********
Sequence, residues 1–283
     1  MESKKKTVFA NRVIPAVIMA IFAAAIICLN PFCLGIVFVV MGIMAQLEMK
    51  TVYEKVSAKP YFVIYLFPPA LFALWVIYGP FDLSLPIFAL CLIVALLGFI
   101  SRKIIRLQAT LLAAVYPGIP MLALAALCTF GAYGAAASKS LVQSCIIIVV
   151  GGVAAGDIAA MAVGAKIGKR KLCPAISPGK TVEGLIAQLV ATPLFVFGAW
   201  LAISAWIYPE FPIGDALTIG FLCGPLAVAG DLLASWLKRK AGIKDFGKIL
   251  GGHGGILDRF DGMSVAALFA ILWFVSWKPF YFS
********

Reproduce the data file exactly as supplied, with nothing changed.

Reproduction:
Sequence, residues 1–283
     1  MESKKKTVFA NRVIPAVIMA IFAAAIICLN PFCLGIVFVV MGIMAQLEMK
    51  TVYEKVSAKP YFVIYLFPPA LFALWVIYGP FDLSLPIFAL CLIVALLGFI
   101  SRKIIRLQAT LLAAVYPGIP MLALAALCTF GAYGAAASKS LVQSCIIIVV
   151  GGVAAGDIAA MAVGAKIGKR KLCPAISPGK TVEGLIAQLV ATPLFVFGAW
   201  LAISAWIYPE FPIGDALTIG FLCGPLAVAG DLLASWLKRK AGIKDFGKIL
   251  GGHGGILDRF DGMSVAALFA ILWFVSWKPF YFS